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wardp

Water Cooling Fans - Suck or Blow?

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I am in the process of building a new Haswell 4770K system on a Gigabyte GX87X-OC board using a Corsair H110 Water cooling kit and it's all going in a Corsair Vengeance case which has the mounting points for the H110 radiator in the top grill.

In the past I have always gone with the idea that case fans at the front and side of the case are intake fans and those at the top and back are exhaust. However in the H110 water cooler instructions it says it works better if the radiator fans are intake. If I did as they say to balance the intake/exhaust fans I would have to change the side panel fans to exhaust which seems all wrong for the airflow.

This is my first venture in water cooling and any advice would be welcome, what should I do about the radiator fans - suck or blow ??

Thanks
Phil

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Phil

It will depend on the configuration of all the fans as if you say some opposing each other you could create a negative pressure effect with little effective cooling. 

Say with a liquid cooler if you are pulling air into the case then it has to go through the warm/hot radiator and you are then flooding the mobo, ram, gpu etc with air that is already warm/hot and then relying on any exhaust fans to get rid of it.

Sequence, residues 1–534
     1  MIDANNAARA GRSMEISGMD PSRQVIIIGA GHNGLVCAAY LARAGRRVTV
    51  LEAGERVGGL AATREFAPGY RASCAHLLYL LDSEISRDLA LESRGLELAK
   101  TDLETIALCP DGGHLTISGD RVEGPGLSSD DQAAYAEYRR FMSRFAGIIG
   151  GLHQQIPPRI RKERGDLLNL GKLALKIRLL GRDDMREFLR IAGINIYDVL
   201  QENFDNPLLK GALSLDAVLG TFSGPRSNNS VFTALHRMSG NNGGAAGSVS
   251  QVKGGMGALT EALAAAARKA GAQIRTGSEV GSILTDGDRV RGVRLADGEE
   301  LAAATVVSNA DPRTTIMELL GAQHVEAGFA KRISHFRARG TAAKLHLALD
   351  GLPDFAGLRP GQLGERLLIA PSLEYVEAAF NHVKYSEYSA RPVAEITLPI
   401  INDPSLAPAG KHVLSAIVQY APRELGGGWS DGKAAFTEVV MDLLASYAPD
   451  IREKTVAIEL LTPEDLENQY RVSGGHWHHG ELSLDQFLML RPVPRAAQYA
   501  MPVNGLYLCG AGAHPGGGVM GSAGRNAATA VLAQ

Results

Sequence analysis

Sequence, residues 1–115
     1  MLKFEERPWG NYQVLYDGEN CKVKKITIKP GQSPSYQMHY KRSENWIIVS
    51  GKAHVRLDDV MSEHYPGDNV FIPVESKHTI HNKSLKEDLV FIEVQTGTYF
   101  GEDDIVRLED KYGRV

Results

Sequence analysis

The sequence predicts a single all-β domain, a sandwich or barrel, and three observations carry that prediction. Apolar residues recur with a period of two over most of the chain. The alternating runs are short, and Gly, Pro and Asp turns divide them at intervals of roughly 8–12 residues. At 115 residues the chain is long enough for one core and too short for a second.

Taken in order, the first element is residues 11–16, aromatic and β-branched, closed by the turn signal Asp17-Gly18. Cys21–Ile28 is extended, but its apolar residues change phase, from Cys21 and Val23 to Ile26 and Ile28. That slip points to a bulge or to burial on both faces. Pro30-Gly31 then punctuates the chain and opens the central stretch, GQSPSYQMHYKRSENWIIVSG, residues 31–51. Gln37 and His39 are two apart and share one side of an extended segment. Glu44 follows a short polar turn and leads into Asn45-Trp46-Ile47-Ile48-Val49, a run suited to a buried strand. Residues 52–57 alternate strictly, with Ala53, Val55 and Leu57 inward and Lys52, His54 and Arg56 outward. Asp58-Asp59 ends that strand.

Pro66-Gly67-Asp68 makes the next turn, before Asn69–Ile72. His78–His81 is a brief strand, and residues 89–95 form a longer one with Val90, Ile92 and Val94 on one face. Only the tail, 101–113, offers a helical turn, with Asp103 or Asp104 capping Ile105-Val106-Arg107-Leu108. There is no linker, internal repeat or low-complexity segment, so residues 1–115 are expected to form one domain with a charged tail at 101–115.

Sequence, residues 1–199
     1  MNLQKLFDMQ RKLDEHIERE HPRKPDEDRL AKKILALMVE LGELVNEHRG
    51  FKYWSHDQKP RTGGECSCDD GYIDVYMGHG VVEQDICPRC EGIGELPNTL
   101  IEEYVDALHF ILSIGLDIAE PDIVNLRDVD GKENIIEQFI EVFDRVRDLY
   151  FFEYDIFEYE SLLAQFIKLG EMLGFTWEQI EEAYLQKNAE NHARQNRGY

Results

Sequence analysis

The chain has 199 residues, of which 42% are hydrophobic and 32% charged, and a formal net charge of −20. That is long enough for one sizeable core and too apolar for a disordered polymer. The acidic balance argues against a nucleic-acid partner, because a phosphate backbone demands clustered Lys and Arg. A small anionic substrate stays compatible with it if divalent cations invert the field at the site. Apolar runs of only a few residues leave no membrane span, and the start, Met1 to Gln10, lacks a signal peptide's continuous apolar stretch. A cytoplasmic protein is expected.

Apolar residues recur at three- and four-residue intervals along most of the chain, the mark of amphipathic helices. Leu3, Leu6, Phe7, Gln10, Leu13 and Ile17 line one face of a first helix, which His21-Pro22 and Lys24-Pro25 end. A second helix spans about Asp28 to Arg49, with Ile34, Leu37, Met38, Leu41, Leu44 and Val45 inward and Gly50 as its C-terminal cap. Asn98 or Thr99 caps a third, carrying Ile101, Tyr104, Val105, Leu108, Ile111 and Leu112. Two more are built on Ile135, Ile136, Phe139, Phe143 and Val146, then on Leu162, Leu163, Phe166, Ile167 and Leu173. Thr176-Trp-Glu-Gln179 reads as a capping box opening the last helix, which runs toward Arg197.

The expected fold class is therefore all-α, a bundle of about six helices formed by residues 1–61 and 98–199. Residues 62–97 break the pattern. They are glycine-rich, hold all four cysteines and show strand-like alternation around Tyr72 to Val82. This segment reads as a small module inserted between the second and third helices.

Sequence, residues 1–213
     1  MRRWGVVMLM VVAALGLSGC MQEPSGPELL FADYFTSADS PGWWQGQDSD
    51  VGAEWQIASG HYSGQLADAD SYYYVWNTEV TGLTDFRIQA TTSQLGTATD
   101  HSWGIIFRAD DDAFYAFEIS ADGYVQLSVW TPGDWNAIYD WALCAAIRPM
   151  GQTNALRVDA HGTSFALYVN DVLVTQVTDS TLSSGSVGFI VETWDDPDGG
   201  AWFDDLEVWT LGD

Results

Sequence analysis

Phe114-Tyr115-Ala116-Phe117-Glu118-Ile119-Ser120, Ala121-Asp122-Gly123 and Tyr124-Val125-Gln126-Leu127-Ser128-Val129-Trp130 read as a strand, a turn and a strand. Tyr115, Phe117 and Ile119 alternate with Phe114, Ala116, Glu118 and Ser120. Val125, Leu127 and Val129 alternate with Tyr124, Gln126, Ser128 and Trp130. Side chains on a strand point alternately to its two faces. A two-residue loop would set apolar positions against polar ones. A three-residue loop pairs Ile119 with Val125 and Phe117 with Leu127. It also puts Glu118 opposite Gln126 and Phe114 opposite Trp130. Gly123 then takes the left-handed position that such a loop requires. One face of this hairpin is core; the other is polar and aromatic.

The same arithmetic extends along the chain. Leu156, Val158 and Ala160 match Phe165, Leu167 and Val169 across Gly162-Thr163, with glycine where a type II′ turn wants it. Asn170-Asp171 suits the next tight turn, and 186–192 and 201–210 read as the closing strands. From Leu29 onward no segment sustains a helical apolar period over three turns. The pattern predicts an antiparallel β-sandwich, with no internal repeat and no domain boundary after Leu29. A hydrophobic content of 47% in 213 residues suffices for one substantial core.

I always set mine to blow outward and then I'm drawing in ambient cooler air and blowing/exhausting hot air.  That is provided that you have good ingress air access to the case.  Make sure you clean any filters regularly.  I also use a HEPA filter device to keep dust down.

Its a balance and the bigger the case the more efficient the cooling.

pH

 

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For the same reason that a traditional Heatsink and Fan has the fan push the air through the fins of the heatsink, you want the fan to push through the radiator.

 

Pulling through the radiator is only efficient if you have enough force already pushing through from the other side (such as using fans on both sides).

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I am in the process of building a new Haswell 4770K system on a Gigabyte GX87X-OC board using a Corsair H110 Water cooling kit and it's all going in a Corsair Vengeance case which has the mounting points for the H110 radiator in the top grill.

In the past I have always gone with the idea that case fans at the front and side of the case are intake fans and those at the top and back are exhaust. However in the H110 water cooler instructions it says it works better if the radiator fans are intake. If I did as they say to balance the intake/exhaust fans I would have to change the side panel fans to exhaust which seems all wrong for the airflow.

This is my first venture in water cooling and any advice would be welcome, what should I do about the radiator fans - suck or blow ??

Thanks

Phil

 

Corsair advise this because by configuring the radiator fans as intake, you are passing cool outside air over the radiator, thus lower CPU temp.

 

However, by doing this you are also blowing hot radiator air into your case, thus higher enclosure temp.

 

Many ignore Corsair's advice, and stick to the conventional orientation. So fans blowing enclosure air through the rad and outside. CPU temp will be slightly higher, but not much to be honest.